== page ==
27 Aug 2007
v. wad·ed, wad·ing, wades
1. To walk in or through water or something else that similarly impedes normal movement.
2. To make one's way arduously: waded through a boring report.
To cross or pass through (water, for example) with difficulty: wade a swift creek.
The act or an instance of wading.
To plunge into, begin, or attack resolutely and energetically: waded into the task.
The weekend was spent with Granny Libby, Grandad and Auntie Katherine, also known as the Wades, minus Uncle Alistair, who had to stay home in the UK and work.
We had a lovely visit with them on Thursday, when they drove out to see us from their hotel in Oslo. The weather was glorious, so we decided to wade up to a view point not far from where we live. Well, if you ask B boy, it is quite far and with a very steep ascent. He spent a bit of time complaining about the wade, but did finally make it to the top. The view was spectacular - we could see bits of Oslo and even Holmenkollen ski jump in the distance.
Saturday morning the Wades arrived in Drammen yet again, this time to spend the rest of the weekend with us. Once more they brought wonderful weather with them, so considering how thrilled Benjamin had been to wade uphill on Thursday, we decided to wade downhill instead, into Drammen. It is not a long wade. Perhaps 5 km, and, like I said, it is all down hill. Moreover, keeping Benjamin busy discussing the finer points of all three "Pirates of the Caribbean" movies - not to mention having him reenact particularly gripping scenes - kept complaints to an absolute minimum, and we made it down to the town in no time.
Weekends are busy in Drammen, and this Saturday was no exception. We waded around a bit and then moved on to the lovely riverbank that has been redeveloped along one side of the river. The newly planted grass and miniature beaches looked really nice, and we spent some time sitting on the grass eating fresh fruit and watching the kids goof off.
Or maybe just looking the other way and pretend not to see the kids goofing off...
We could not imagine wading UP the hill with the kiddies, and thus took the bus back to our house. Since our children are not used to taking public transit, this was quite a highlight, and a fight almost broke out over who got to pull the string to signal the bus driver to please stop. A prolonged battle was only avoided by promising to take another bus in the near future.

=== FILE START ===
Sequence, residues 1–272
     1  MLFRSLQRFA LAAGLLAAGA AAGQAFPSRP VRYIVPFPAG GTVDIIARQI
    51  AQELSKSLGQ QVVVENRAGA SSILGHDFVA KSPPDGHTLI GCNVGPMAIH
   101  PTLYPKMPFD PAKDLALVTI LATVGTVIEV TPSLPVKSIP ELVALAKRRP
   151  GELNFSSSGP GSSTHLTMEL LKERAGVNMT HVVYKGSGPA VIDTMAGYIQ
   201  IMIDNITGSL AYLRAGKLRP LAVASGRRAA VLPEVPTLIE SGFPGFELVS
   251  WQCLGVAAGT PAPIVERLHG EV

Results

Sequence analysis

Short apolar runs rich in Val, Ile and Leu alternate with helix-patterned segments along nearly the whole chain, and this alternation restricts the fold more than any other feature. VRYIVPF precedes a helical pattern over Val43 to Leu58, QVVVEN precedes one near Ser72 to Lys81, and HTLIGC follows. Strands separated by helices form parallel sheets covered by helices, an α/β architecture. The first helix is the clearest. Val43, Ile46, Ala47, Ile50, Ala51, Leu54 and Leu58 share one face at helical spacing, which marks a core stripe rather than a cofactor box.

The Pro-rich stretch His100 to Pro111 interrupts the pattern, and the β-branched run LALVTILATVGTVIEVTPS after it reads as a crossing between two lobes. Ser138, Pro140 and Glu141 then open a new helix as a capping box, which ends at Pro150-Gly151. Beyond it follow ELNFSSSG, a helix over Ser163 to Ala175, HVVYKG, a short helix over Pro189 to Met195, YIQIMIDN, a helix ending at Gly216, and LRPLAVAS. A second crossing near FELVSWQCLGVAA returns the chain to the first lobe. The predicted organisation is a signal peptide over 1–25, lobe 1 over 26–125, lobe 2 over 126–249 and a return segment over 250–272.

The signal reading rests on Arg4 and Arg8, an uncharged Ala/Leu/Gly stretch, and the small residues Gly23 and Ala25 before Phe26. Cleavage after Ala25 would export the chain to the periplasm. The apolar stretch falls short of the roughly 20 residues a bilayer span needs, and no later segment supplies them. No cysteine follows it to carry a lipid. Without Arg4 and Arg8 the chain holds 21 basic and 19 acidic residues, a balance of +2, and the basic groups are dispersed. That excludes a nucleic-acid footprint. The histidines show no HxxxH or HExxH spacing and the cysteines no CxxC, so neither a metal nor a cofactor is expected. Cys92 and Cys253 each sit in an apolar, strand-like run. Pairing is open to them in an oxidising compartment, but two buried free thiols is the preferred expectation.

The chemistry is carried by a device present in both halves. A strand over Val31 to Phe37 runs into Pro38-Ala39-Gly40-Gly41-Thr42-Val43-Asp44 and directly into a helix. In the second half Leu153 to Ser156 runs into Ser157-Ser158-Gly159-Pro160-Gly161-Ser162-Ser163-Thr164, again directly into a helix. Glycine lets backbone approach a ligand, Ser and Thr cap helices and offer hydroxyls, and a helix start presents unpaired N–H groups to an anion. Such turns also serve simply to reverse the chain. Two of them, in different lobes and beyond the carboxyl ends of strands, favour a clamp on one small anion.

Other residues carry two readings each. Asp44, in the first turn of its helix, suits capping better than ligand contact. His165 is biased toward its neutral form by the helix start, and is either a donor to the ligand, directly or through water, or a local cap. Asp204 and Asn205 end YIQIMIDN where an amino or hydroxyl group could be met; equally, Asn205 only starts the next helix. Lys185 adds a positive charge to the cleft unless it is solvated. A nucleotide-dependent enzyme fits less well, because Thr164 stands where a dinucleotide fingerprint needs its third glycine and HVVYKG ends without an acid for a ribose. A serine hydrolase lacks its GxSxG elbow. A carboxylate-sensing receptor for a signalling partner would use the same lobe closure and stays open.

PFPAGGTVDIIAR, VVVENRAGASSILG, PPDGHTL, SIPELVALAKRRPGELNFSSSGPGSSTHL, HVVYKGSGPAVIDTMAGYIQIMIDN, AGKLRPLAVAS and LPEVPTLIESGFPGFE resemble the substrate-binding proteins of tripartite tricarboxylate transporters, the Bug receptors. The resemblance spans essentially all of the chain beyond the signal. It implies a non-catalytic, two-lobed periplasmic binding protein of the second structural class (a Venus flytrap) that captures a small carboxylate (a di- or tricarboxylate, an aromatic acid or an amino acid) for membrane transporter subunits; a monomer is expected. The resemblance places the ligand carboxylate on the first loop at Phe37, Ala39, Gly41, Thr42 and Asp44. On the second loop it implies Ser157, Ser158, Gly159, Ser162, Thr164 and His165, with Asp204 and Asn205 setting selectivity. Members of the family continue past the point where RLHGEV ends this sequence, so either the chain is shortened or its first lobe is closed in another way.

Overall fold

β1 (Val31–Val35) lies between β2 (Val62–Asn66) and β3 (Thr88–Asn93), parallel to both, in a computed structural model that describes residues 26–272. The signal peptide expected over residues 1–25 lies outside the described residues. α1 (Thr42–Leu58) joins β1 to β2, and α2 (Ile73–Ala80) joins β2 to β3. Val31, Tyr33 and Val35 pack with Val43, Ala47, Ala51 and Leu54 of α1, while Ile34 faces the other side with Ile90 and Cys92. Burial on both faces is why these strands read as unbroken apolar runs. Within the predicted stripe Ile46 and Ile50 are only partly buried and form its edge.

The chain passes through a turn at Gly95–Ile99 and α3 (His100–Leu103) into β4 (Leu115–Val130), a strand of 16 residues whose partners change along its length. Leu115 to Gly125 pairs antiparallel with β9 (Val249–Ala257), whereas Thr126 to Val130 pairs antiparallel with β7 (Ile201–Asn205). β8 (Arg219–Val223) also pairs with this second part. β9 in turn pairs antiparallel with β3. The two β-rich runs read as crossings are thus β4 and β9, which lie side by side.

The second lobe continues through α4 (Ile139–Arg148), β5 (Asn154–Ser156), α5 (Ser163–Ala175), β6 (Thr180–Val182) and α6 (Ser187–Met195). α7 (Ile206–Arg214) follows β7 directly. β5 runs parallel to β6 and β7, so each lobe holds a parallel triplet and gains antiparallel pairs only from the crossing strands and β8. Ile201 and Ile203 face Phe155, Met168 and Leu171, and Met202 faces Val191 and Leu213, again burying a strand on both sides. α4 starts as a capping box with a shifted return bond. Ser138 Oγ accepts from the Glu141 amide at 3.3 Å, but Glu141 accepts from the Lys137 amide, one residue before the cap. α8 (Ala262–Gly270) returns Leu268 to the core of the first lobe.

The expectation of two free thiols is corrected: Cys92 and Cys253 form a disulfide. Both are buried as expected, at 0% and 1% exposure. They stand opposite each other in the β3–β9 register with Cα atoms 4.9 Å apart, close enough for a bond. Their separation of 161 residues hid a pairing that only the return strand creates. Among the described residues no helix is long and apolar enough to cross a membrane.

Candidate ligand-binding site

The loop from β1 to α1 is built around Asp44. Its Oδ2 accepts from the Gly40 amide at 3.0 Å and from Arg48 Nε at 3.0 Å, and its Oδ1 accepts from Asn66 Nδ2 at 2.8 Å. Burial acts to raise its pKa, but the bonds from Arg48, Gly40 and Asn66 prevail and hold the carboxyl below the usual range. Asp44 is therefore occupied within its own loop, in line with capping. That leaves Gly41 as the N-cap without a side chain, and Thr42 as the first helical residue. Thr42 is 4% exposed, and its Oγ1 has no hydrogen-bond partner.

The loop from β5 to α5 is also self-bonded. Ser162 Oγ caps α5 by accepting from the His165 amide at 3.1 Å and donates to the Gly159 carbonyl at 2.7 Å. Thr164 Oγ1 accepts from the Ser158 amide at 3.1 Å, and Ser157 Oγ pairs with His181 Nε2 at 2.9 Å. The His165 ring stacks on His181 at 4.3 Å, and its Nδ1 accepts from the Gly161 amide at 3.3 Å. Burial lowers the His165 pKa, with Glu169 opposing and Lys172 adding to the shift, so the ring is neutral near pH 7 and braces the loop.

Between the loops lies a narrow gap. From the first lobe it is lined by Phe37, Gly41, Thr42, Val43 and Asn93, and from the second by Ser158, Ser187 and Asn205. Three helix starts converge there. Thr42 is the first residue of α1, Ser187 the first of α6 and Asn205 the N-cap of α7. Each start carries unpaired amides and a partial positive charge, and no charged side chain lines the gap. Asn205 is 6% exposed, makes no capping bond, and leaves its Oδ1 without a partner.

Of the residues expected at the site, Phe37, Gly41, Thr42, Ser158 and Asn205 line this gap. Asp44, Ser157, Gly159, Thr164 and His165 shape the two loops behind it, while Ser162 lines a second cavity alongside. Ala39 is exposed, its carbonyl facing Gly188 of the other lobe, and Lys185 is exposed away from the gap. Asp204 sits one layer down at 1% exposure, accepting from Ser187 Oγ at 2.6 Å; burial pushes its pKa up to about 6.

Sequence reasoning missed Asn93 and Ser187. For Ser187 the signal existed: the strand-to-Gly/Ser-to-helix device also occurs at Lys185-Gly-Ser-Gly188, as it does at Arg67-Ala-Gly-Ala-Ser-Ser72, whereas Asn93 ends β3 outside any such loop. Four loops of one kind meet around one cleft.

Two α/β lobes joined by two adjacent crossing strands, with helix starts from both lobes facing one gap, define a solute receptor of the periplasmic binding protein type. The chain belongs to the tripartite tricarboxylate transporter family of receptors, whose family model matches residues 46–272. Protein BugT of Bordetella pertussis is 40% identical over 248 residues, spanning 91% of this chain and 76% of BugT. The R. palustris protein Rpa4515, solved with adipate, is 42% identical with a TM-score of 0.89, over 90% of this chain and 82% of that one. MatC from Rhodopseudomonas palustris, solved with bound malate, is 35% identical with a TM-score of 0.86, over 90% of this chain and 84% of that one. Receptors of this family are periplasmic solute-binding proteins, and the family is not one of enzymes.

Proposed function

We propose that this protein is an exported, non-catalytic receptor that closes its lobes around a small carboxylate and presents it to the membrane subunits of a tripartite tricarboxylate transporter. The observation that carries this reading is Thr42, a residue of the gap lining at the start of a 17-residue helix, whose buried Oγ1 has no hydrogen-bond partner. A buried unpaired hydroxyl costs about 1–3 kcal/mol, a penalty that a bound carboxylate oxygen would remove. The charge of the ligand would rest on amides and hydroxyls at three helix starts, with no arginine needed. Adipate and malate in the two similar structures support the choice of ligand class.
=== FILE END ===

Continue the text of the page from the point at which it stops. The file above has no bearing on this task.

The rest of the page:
Grandad and Mike got up early to hit the golf course on Sunday, and upon their return we packed a picnic - my first - and headed into Oslo and Vigelandsparken, where we met up with Granny Libby's niece Barbara, her husband Terje and their two lovely kids. That's when I realized that picnics can be taken to a whole other level, and my salami-n-cheese sandwiches just do not cut it. Barbara brought a freshly made pasta salad and a home-made, absolutely delicious chocolate and custard layer cake. Needless to say, Mike was very happy and helped himself to two rather large slices.
Both Christopher and Benjamin proved to be very good with the younger kids, and B boy was particularly taken with Barbara's one-year-old girl, Ella. She is a fantastically good-natured little girl, who was thrilled to have Benjamin guide her around the park. Christopher, meanwhile, was happy to kick the soccer ball around with four-year-old David. Made me think that our kids really are getting older...and whatever does that say about us... :(
The park was incredibly busy, undoubtedly because of the fabulous weather. Vigelandsparken is dedicated to famed Norwegian sculptor Gustav Vigeland. It consists of some 200 granite and bronze sculptures of human beings of all ages engaging in various human pursuits, including running, dancing, hugging, holding hands, etc. The most surprising aspect of the sculptures to newcomers is perhaps the fact that the sculptures are all of naked people. Once you have been to the park a few times you no longer notice this, but it is striking the first time you see the sculptures.
I had mentioned this nakedness to Benjamin when talking about a particularly famous sculpture in the park, called "Sinnataggen" or "The little angry boy". This is a wonderful sculpture of a small boy clearly in the throes of a severe temper tantrum. The expression on his face is captured so perfectly that any parent, I think, can recognize it from personal experience. Mike and I wanted a shot of the boys next to Sinnataggen (for no other reason than to prove to ourselves that life really has gotten easier now that the boys are somewhat more receptive to reason), but as we started moving in the direction of the sculpture, Benjamin decided to throw a mini-tantrum of his own. He did not, in any way, shape or form, want to be photographed next to the "naked, angry boy". Christopher was slightly more accommodating, but made me promise not to show any pictures of him with the "naked boy" to others. And not to post them on my blog. He was particularly clear about the blog ban, so I am honouring his request.
At the end of the day we said goodbye to the Wades, who were heading out to an airport hotel for the night, planning to catch an early morning flight back to the UK the next day. We will see them again in just 5 weeks, but it was nevertheless great to be able to catch up for a few days here in Norway. It was also very nice to see Barbara again, and hopefully we will be able to get our kids together again soon.